Swift or Shakespeare? How to reframe internet ephemera as a text in the literature classroom

Teaching Taylor Swift as literature required Clio Doyle and her students to engage with online media as an analytical text. Here, she offers advice on interpreting TikTok, Tumblr and the Buzzfeed quiz

Clio Doyle's avatar
Queen Mary University of London
20 Mar 2024
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"To Be or Not to Be" on a pastel-coloured website interface

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The internet can sometimes feel to students like a transparent pane that they can look through to access information. Here, I’ll outline some ways to encourage them to interpret it instead as a series of texts with their own arguments, inherent assumptions and rhetorical strategies, which can be analysed and (therefore) questioned.

I teach Taylor Swift as literature, and part of what I find exciting about this pursuit is that it forces me and my students to engage with the question of what we are reading and how we are reading it. Are we finding Swift’s lyrics on internet sites such as Genius and AZLyrics or listening to them in their sung forms? How much should we care about what Swift says about her own work in documentaries on platforms such as Netflix and Disney+, which we may or may not subscribe to? Are we turning to our own CD collections to check Swift’s liner notes and relying on our memories of her concerts we’ve attended when talking about her as a performer, or are we googling online images and YouTube videos?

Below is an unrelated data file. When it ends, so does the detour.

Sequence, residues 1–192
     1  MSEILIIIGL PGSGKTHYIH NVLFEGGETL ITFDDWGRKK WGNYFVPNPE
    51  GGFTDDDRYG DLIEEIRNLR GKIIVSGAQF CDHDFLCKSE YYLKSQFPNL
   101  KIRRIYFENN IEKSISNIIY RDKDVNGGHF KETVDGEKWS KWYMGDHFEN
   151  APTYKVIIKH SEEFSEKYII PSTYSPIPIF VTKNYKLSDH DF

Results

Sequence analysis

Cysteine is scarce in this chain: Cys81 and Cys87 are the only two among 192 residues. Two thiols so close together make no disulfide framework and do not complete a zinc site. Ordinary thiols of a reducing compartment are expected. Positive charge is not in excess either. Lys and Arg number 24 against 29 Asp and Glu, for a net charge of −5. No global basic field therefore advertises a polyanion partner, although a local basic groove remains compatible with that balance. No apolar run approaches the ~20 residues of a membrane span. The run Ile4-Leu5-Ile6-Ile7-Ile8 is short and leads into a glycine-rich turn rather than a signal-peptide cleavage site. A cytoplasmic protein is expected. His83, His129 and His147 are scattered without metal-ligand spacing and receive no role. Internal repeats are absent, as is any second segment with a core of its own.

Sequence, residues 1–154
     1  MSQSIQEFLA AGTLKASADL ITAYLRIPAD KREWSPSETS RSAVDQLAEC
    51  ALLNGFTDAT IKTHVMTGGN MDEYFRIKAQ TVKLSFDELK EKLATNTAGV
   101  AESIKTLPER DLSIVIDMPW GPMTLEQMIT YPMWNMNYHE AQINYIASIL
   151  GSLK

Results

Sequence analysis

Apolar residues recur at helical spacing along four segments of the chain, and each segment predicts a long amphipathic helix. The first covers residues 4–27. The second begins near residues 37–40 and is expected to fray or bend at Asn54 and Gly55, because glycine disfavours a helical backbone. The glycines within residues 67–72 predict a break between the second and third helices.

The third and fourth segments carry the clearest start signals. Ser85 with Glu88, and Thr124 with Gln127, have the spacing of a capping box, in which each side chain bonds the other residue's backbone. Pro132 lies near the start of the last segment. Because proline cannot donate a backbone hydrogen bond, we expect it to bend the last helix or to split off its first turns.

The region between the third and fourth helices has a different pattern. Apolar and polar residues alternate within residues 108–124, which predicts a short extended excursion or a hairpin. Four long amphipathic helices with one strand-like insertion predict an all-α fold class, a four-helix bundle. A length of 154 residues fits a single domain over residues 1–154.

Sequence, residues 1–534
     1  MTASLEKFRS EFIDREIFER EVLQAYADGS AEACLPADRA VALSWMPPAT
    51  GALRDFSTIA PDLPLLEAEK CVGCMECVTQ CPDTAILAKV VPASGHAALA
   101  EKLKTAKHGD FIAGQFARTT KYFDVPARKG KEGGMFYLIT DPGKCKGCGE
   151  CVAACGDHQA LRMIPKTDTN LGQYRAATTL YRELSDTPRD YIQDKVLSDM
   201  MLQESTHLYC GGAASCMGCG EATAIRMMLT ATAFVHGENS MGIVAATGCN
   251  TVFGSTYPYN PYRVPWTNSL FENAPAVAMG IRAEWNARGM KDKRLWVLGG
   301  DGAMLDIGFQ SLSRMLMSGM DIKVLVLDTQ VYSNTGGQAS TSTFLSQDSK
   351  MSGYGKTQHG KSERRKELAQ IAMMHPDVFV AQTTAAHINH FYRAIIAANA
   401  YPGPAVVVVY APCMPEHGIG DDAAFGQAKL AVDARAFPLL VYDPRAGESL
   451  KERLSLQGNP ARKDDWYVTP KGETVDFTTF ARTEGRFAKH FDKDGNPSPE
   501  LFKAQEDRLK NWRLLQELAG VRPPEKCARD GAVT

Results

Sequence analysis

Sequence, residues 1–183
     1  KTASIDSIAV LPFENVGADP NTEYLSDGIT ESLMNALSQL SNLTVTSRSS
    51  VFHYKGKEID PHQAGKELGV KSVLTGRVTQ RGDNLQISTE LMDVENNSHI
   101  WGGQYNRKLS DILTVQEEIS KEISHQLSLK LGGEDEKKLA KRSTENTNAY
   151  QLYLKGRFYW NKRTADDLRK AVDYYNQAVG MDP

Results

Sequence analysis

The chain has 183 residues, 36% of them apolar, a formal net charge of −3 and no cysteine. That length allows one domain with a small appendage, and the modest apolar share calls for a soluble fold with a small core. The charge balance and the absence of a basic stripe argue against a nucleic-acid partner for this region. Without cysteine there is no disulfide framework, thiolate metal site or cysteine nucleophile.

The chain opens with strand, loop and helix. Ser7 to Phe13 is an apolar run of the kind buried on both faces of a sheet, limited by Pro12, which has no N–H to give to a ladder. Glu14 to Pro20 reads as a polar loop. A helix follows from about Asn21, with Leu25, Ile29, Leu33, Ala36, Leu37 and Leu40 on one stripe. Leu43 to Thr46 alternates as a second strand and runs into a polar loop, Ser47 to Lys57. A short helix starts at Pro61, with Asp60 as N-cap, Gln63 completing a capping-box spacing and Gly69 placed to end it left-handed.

The internet is currently the greatest and most complete archive of Swift studies. I encourage students to use their expertise as students of English to interpret the texts they find there. The examples below are specific to the material I teach, but I hope they show the sorts of things that can be done with online media.

Tabloids as literary analysis

I begin my module “Taylor Swift and Literature” by asking students to read a brief article from 2014 announcing that an “insider” has explained that a particular break-up inspired “every word” of Swift’s album Red. I pair this article with an influential work of literary theory, “The intentional fallacy” by W. K. Wimsatt Jr. and M. C. Beardsley. This text argues that an author’s intentions, or what they meant or were thinking of when they wrote their text, should not serve as the primary guide to interpretation. I ask students to think about both pieces as literary theory: what does the first article imply about what you need to know in order to understand a text? What might Wimsatt and Beardsley say about this? And what might we gain, or lose, from thinking that we know the author’s intentions, or even by taking into account what she says her intentions are in interviews and documentaries?

The internet quiz as intertextuality

A quiz going under some variation of the name “William Shakespeare or Taylor Swift?” has circulated for years, asking you to determine which writer wrote a selection of quotations. I find it really interesting to talk about why each quotation was chosen: what makes the quotations from Swift sound potentially Shakespearean and what about the Shakespeare quotes sound like Taylor Swift?